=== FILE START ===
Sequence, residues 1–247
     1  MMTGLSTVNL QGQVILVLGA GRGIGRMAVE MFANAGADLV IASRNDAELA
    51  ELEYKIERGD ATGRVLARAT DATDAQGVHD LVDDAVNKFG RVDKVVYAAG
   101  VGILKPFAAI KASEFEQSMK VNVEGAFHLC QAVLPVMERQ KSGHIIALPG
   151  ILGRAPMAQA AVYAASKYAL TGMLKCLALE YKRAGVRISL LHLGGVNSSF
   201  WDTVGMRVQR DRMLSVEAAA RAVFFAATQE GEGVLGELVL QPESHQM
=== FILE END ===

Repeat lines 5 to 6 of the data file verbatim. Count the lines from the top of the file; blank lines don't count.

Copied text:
   151  ILGRAPMAQA AVYAASKYAL TGMLKCLALE YKRAGVRISL LHLGGVNSSF
   201  WDTVGMRVQR DRMLSVEAAA RAVFFAATQE GEGVLGELVL QPESHQM